sumpsit by the assignee of an insolvent debtor, for goods sold &c., the defendant pleaded that he paid a certain sum in full satisfaction and discharge of the promise in the declaration, and that the insolvent accepted and received the same in full satisfaction and discharge: the plaintiff replied that the defendant did not pay the insolvent the sum mentioned in full satisfaction and discharge, nor did the insolvent accept and receive the same in full satisfaction and discharge: it was held, on special demurrer, that the replication was good, simply because the fact of the payment being made in satisfaction was necessarily involved in the fact of the receipt being in satisfaction.
Cur. adv. vult.
TINDAL, C. J., now said :-When this demurrer was argued before us the other day, we entertained but little doubt that the facts stated in this plea might in some way be put in issue; and that de injuria was the the more convenient form. The court of Exchequer, in Isaac v. Farrer, have laid down the rule that the general replication de injuria may be pleaded in assumpsit where the plea consists of mere matters of excuse--still adhering to the doctrine in Crogate's case. But, inasmuch as this has hitherto been matter of doubt, we think the plaintiff ought to have leave to amend.
MORGAN v. PEBRER.
Feb. 1st. THIS was an action commenced in the Lord Mayor's on the removal Court, and removed hither by writ of certiorari, upon of a cause by
the Lord Mayor's Court, the defendant is not at liberty under the 7 & 8 Geo. 4, c. 71, s. 2, to pay money into court in lieu of putting in and perfecting special bail.
which it is required by the practice of the court that spe. cial bail shall be perfected, tsie oft me wri? 1.91rena frigo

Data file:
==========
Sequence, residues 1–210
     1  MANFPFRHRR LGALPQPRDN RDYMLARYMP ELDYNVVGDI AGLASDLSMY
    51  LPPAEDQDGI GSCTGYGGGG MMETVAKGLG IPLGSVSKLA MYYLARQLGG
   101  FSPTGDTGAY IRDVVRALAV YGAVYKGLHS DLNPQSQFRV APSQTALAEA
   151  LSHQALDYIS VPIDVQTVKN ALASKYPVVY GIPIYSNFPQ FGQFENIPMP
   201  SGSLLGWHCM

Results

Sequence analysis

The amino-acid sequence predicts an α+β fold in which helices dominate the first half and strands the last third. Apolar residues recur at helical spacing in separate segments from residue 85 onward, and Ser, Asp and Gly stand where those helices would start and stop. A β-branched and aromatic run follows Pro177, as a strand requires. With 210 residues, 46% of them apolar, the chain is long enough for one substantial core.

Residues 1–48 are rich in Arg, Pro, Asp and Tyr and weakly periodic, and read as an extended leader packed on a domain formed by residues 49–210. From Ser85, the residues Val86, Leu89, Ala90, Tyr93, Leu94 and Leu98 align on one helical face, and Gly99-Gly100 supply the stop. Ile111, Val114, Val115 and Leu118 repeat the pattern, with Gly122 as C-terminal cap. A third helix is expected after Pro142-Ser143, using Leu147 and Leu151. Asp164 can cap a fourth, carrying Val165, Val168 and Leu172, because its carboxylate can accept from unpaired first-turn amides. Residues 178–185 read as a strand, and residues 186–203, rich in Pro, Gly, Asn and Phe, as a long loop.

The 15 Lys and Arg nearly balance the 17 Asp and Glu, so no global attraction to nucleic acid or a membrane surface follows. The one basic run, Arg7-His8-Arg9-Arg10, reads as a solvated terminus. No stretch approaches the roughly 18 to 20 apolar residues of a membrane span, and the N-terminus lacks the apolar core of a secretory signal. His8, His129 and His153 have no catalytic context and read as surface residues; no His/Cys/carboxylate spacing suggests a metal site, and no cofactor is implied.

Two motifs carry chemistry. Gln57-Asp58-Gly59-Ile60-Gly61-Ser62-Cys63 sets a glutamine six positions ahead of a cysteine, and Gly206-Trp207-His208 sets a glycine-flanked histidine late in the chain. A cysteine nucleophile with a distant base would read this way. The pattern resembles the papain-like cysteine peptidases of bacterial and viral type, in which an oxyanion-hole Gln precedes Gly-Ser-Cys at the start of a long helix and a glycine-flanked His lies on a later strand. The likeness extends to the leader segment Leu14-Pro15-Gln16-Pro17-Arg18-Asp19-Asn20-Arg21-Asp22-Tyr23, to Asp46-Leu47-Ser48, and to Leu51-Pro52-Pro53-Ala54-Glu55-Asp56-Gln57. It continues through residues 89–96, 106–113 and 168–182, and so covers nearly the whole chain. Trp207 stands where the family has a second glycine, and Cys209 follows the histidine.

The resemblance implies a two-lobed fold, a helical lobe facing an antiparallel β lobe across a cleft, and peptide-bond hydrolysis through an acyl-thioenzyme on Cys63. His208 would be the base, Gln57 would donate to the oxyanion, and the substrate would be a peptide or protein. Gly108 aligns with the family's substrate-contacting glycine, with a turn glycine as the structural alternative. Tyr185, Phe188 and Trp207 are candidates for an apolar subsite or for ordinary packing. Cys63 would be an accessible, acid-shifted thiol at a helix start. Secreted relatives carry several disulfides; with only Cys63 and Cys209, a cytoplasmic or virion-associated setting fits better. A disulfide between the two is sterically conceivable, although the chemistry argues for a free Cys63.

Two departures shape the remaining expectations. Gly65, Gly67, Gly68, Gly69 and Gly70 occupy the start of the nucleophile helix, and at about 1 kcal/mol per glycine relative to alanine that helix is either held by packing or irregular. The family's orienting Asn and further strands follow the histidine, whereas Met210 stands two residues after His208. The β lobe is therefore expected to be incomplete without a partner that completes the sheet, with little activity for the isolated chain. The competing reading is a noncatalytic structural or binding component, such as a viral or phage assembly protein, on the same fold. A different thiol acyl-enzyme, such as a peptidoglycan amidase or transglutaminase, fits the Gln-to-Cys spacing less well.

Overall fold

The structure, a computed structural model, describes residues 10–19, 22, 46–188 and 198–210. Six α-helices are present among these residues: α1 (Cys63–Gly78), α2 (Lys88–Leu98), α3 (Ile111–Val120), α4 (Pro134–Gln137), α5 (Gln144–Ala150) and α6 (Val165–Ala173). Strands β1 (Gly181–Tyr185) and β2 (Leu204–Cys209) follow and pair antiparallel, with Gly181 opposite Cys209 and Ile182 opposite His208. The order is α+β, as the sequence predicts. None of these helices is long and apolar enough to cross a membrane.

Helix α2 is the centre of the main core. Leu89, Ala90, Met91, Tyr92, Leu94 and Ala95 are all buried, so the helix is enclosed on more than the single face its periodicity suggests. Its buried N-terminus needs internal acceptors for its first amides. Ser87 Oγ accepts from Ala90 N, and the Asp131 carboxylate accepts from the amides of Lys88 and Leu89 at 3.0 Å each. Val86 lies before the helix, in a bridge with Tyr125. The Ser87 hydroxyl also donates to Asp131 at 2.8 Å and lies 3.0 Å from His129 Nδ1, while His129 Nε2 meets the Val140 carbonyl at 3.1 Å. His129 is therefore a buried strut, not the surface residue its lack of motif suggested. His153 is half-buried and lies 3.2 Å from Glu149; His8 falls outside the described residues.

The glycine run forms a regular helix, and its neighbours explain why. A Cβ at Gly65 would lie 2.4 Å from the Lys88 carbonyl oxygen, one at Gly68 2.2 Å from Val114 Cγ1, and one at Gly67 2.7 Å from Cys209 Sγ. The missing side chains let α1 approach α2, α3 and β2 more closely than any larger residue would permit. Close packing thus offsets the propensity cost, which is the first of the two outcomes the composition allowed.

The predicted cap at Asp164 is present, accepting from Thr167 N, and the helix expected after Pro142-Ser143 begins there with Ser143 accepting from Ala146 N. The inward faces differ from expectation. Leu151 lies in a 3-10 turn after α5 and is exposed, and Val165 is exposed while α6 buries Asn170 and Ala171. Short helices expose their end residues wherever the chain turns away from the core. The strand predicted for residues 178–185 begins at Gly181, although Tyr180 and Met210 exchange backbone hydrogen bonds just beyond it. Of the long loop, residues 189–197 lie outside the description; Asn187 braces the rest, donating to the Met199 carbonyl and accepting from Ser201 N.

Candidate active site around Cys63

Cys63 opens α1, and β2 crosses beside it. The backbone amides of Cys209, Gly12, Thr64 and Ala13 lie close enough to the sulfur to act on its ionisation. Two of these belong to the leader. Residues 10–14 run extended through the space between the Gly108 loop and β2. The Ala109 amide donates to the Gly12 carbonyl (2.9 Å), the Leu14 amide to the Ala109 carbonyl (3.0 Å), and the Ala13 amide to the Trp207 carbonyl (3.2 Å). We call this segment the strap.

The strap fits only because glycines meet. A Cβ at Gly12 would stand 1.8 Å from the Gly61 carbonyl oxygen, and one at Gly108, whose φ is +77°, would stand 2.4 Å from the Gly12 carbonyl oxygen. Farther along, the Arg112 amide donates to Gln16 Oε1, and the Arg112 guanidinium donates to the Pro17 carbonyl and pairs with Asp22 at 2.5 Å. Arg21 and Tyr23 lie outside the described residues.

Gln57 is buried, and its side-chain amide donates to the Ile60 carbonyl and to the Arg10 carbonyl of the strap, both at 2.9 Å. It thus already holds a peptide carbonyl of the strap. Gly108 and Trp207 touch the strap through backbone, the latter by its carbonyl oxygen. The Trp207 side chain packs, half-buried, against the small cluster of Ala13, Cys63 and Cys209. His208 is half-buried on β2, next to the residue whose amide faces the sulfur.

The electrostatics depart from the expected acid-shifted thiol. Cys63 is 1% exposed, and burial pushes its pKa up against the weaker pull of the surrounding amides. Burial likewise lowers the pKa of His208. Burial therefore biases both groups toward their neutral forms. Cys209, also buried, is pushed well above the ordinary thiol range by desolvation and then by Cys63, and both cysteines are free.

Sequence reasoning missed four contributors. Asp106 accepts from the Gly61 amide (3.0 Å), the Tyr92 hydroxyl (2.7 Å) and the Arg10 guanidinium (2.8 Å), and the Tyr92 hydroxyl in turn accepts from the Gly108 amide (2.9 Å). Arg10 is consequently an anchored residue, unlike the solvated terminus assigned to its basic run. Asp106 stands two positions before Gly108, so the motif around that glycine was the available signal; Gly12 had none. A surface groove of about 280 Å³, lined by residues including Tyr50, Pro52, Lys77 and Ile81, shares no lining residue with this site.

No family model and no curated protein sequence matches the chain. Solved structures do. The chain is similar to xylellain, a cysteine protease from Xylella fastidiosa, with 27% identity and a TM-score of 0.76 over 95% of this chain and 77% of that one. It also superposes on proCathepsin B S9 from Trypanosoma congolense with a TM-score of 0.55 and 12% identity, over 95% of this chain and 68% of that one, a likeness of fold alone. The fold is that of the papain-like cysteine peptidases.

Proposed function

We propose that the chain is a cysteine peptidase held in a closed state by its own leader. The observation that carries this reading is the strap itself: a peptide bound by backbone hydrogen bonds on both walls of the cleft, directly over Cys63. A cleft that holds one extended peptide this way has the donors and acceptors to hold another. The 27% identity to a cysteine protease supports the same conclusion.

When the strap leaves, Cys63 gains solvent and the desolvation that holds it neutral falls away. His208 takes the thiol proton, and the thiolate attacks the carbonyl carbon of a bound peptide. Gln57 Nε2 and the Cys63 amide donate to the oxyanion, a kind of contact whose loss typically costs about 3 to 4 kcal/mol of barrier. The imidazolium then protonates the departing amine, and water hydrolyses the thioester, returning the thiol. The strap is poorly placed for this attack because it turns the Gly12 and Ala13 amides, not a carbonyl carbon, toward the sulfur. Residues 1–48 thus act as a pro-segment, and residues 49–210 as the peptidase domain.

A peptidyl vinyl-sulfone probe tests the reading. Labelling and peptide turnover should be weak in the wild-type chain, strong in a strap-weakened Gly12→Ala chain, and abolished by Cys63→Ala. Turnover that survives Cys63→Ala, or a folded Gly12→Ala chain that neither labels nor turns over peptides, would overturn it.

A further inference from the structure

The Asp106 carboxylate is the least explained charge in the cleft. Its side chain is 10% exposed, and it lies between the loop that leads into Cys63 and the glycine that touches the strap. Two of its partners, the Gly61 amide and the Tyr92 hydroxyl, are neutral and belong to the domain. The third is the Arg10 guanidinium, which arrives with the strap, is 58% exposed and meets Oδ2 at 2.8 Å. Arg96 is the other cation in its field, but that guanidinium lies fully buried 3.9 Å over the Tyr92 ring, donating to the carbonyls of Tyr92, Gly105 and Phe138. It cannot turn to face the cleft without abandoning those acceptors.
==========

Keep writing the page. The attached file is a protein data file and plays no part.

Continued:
i Wilde, Serjeant, on the part of the defendant, moved for leave to pay into court the amount of the debt, and the usual sum for costs, in lieu of putting in and perfecting special bail, under the 7 & 8 Geo. 4, c. 71, s. 2.
]ور را در ۶۰۰۰ إزاء اور ر إ . ر .. ... از
Talfourd, Serjeant, contrà, referred to the language of the statutes 43 Geo. 3, c. 46, and 7 & 8 Geo. 4, c. 71, which allowed deposits in lieu of bail, first with the sheriff, and afterwards by payment into court; and submitted that they applied solely to actions commenced in the superior courts, and to cases where the party is actually arrested, not (as here) merely summoned.
Wilde, in support of his rule. It is true the statutes are addressed to the case of arrests of the person ; but the court will so construe them as to give effect to the remedy intended. Wherever anything may be done indirectly and circuitously, the court, in the exercise of a sound discretion, will, in order to save expense and delay to the suitors, permit it to be done directly: as in the case of entering an exoneretur on the bail-piece, a mode of relief not given by the act. Here, by section 4 of the 7 & 8 Geo. 4, c. 71, the defendant, after perfecting bail, may exonerate them by paying the debt and costs into court. The plaintiff, therefore, cannot possibly sustain any prejudice from the money being brought in in the first instance. (Bosanquet, J.-Does not that clause apply to a party who originally had the right to pay money into court?] This case is at all events within the equity of the section. The remedy is always advanced beyond the strict letter of the act, where the case is clearly within the mischief intended to be redressed.
-The Court intimated a strong opinion that the case was
, .')", IS, Soif t1'. Rule accordingly.
in boks (
In the course of Hilary Term, the Lords Commissionsioners resigned the Great Seal.
The Right Honorable Sir C. C. Pepys (Master of the Rolls) was thereupon appointed Lord High Chancellor of England, and raised to the peerage by the title of Baron Cottenham, of Cottenham, in the county of Cambridge.
Henry Bickersteth, Esq., was appointed Master of the Rolls, and was raised to the peerage by the title of Baron Langdale, of Langdale, in the county of Westmoreland.
Their lordships took their seats in their respective courts on Tuesday the 19th January.
END OF HILARY TERM.